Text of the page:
Choro is a Brazilian music style, very popular in the 1920s and 1930s, but still popular nowadays. This blog wants to share our passion for this music and its musicians like Pixinguinha, Jacob do Bandolim and Garoto, but also the contemporary generation of young talented musicans like Yamandú Costa.
One of the best known Brazilian musicians probably is Luíz Bonfá (1922-2001), composer, arranger, singer and exceptional guitarist.
Bonfá was born on October 17, 1922 in Rio de Janeiro. He began teaching himself to play guitar as a child; he studied in Rio with Uruguayan classical guitarist Isaías Sávio from the age of twelve.
Bonfá first gained widespread exposure in Brazil in 1947 when he was featured on Rio's Radio Nacional, then an important showcase for up-and-coming talent. He was a member of the vocal group 'Quitandinha Serenaders' in the late 1940s. Some of his compositions were recorded and performed by Brazilian crooner Dick Farney in the 1950s. It was through Farney that Bonfá was introduced to Antonio Carlos Jobim and Vinicius de Moraes, the leading songwriting team behind the worldwide explosion of Brazilian jazz/pop music in the late 1950s and 1960s. Bonfá collaborated with these and with other prominent Brazilian musicians and artists in productions of de Moraes' anthological play 'Orfeu da Conceição', which several years later gave origin to Marcel Camus' legendary film, 'Black Orpheus'.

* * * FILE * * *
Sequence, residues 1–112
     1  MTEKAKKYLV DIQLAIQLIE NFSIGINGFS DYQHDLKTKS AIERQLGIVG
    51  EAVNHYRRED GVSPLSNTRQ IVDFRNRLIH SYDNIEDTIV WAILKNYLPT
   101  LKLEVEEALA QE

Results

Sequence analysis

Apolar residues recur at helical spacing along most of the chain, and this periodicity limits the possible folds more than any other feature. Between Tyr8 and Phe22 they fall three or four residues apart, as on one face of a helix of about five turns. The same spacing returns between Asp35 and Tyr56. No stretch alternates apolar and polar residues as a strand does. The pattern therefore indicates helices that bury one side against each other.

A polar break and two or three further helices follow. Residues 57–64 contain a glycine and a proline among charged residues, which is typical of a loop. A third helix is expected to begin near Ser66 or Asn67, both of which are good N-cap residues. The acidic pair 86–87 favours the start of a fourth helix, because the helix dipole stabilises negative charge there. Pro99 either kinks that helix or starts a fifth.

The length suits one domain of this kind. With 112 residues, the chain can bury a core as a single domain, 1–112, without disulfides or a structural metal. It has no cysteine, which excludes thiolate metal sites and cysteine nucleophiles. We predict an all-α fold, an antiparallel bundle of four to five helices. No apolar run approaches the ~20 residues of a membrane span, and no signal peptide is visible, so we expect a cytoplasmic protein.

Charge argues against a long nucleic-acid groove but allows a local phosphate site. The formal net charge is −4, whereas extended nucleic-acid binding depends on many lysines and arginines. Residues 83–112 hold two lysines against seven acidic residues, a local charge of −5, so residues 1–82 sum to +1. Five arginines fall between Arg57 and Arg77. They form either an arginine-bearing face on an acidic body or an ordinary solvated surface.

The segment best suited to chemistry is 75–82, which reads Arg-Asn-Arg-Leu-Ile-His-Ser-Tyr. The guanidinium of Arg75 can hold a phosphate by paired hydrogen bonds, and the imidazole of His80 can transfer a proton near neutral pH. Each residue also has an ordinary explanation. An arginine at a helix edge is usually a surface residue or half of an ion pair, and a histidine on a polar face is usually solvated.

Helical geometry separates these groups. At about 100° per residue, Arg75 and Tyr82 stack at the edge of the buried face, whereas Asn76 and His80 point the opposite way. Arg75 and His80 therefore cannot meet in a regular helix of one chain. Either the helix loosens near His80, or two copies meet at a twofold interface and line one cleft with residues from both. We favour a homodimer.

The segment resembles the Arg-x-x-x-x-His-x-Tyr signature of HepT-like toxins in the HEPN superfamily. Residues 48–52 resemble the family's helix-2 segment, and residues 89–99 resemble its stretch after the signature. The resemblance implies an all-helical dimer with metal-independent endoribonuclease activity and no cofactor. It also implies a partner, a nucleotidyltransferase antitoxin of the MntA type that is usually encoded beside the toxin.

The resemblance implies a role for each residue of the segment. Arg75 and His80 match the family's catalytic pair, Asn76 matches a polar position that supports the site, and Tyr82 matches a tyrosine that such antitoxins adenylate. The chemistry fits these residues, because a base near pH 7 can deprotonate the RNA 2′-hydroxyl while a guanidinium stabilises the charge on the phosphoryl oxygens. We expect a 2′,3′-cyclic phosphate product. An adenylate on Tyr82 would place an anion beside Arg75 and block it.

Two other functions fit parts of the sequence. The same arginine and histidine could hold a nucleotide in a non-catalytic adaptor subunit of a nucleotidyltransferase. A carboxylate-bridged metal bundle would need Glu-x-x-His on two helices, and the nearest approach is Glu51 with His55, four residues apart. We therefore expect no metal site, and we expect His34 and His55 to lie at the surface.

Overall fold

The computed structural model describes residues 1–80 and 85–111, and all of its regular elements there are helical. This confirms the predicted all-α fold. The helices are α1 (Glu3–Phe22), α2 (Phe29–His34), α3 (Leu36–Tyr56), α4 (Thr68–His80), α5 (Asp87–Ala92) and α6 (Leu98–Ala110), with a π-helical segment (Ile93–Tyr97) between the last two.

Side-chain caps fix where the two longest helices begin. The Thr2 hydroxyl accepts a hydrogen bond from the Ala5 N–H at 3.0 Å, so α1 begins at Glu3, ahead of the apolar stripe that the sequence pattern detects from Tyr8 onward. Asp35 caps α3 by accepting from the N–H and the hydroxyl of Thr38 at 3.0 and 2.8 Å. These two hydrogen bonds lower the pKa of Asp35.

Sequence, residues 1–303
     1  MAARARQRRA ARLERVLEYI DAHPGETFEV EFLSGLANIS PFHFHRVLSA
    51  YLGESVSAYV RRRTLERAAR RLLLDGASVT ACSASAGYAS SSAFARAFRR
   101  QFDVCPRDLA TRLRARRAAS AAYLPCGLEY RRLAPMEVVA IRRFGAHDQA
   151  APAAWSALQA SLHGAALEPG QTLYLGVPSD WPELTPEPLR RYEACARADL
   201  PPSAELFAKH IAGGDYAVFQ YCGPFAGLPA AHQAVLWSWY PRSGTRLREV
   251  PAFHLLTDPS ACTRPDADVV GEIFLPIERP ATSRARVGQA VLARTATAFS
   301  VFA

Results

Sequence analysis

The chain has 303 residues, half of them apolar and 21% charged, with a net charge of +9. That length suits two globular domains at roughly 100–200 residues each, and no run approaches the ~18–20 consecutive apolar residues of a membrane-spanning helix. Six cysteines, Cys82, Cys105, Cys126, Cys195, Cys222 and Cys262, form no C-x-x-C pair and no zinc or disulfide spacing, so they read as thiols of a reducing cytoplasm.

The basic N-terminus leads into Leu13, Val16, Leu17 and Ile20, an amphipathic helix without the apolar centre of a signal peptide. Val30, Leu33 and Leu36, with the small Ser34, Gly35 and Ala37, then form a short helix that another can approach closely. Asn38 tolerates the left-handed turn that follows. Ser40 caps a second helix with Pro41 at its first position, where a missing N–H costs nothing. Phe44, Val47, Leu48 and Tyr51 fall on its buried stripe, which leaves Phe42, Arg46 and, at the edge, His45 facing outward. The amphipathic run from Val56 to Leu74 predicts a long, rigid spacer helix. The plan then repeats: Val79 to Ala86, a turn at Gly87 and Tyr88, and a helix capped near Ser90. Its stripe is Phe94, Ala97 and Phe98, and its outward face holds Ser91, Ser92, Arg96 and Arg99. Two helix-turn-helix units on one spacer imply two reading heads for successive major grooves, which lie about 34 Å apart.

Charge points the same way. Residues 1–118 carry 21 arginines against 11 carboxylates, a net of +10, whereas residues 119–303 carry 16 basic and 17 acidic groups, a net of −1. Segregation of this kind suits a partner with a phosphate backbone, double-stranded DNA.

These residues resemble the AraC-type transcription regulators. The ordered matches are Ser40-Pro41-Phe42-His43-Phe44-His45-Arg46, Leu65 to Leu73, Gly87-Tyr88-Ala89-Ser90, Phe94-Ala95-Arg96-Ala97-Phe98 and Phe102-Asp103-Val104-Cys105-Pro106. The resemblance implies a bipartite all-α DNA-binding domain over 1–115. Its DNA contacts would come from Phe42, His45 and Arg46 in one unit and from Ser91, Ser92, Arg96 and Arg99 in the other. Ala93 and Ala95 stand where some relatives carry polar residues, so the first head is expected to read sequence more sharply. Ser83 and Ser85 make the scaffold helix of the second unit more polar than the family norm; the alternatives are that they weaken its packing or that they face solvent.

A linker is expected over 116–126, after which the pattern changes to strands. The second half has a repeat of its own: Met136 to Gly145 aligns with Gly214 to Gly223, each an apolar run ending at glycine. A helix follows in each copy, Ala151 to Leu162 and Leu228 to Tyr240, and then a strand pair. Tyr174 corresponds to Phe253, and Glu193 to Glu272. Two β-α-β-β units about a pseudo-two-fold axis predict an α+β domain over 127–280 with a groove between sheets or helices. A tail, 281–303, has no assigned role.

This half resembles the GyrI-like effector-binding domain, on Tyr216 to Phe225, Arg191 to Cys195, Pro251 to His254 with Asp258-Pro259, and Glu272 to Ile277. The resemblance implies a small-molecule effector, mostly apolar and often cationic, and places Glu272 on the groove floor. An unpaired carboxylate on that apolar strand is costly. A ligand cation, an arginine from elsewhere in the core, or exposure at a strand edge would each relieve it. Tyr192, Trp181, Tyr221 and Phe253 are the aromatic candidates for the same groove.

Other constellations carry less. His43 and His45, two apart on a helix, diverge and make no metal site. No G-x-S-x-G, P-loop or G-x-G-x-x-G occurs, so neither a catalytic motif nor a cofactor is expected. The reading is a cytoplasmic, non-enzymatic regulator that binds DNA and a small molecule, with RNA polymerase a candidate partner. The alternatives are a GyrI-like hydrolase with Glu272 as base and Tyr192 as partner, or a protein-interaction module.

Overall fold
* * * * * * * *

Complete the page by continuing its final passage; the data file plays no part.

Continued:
As a composer and performer, Bonfá was at heart an exponent of the samba-canção style that predated the arrival of João Gilberto's bossa nova style.
Bonfá lived in the USA from the early 1960s until 1975. He worked with American musicians such as Quincy Jones, George Benson, Stan Getz, and Frank Sinatra, recording several albums while in America. Bonfá remained well-connected in the US after returning to Brazil, but his profile receded into relative obscurity during his final decades.
Bonfá died in Rio de Janeiro on January 12, 2001, 78 years old.
Bonfá's major legacy continues to be his compositions from the 'Black Orpheus' soundtrack, most notably the instantly recognizable classic 'Manhã da Carnaval.' But Bonfá's huge discography also attests to his uniquely inventive mastery of various Brazilian guitar styles.
--- above info excerpeted from a profile article in Wikipedia ---
Recently the radio feature 'O Violão Brasileiro' by Fábio Zanon devoted a program to the music and guitar playing of Luíz Bonfá, the program may be downloaded from Fábio Zanon's blog, click here to download.
Fábio Zanon also points to three video performances featuring Luíz Bonfá, inserted below.
The first video is from an American TV-program hosted by Perry Como and recorded 1963, Bonfá plays 'Sambolero' and his arrangement of 'Tenderly':
From another TV-program hosted by Mike Douglas in 1966, Bonfá plays his composition 'Menina Flor':
Also from the 1966 TV-program, Bonfá plays 'Batucada' and performs 'Manhã de Carnaval' together with Mike Douglas: